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    Meteorites at Meridiani Planum provide evidence for significant amounts of surface and near-surface water on early Mars

    Fairen, A.G. and Dohm, J.M. and Baker, V.R. and Thompson, S.D. and Mahaney, W.C. and Herkenhoff, K.E. and Rodriguez, J.A.P. and Davila, A.F. and Schulze-Makuch, D. and El-Maarry, Mohamed Ramy and Uceda, E.R. and Amils, R. and Miyamoto, H. and Kim, K.J. and Anderson, R.C. and McKay, C.P. (2011) Meteorites at Meridiani Planum provide evidence for significant amounts of surface and near-surface water on early Mars. Meteoritics & Planetary Science 46 (12), pp. 1832-1841. ISSN 1086-9379.

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    Abstract

    Six large iron meteorites have been discovered in the Meridiani Planum region of Mars by the Mars Exploration Rover Opportunity in a nearly 25 km‐long traverse. Herein, we review and synthesize the available data to propose that the discovery and characteristics of the six meteorites could be explained as the result of their impact into a soft and wet surface, sometime during the Noachian or the Hesperian, subsequently to be exposed at the Martian surface through differential erosion. As recorded by its sediments and chemical deposits, Meridiani has been interpreted to have undergone a watery past, including a shallow sea, a playa, an environment of fluctuating ground water, and/or an icy landscape. Meteorites could have been encased upon impact and/or subsequently buried, and kept underground for a long time, shielded from the atmosphere. The meteorites apparently underwent significant chemical weathering due to aqueous alteration, as indicated by cavernous features that suggest differential acidic corrosion removing less resistant material and softer inclusions. During the Amazonian, the almost complete disappearance of surface water and desiccation of the landscape, followed by induration of the sediments and subsequent differential erosion and degradation of Meridiani sediments, including at least 10–80 m of deflation in the last 3–3.5 Gy, would have exposed the buried meteorites. We conclude that the iron meteorites support the hypothesis that Mars once had a denser atmosphere and considerable amounts of water and/or water ice at and/or near the surface.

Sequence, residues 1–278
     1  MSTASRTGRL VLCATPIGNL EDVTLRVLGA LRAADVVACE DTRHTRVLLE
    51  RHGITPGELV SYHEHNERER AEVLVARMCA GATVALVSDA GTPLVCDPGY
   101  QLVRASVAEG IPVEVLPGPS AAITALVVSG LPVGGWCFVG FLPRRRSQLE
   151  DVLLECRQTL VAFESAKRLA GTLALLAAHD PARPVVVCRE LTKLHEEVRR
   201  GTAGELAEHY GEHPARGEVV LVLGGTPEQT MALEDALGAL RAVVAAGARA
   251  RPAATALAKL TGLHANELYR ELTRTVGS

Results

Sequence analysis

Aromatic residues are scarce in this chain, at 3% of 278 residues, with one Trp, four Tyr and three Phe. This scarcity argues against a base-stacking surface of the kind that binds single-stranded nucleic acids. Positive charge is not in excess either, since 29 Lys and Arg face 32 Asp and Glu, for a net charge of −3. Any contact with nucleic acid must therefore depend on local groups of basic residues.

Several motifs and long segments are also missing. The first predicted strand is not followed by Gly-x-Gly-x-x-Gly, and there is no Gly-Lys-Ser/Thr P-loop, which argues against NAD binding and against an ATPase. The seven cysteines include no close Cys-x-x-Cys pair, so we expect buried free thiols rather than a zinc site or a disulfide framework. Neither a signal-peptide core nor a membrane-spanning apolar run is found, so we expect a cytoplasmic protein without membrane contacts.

Metadata

    Item Type: Article
    School: Birkbeck Schools and Departments > School of Science > Earth and Planetary Sciences
    Depositing User: Administrator
    Date Deposited: 07 Dec 2018 14:17
    Last Modified: 07 Dec 2018 14:17
    URI: http://eprints.bbk.ac.uk/id/eprint/25397

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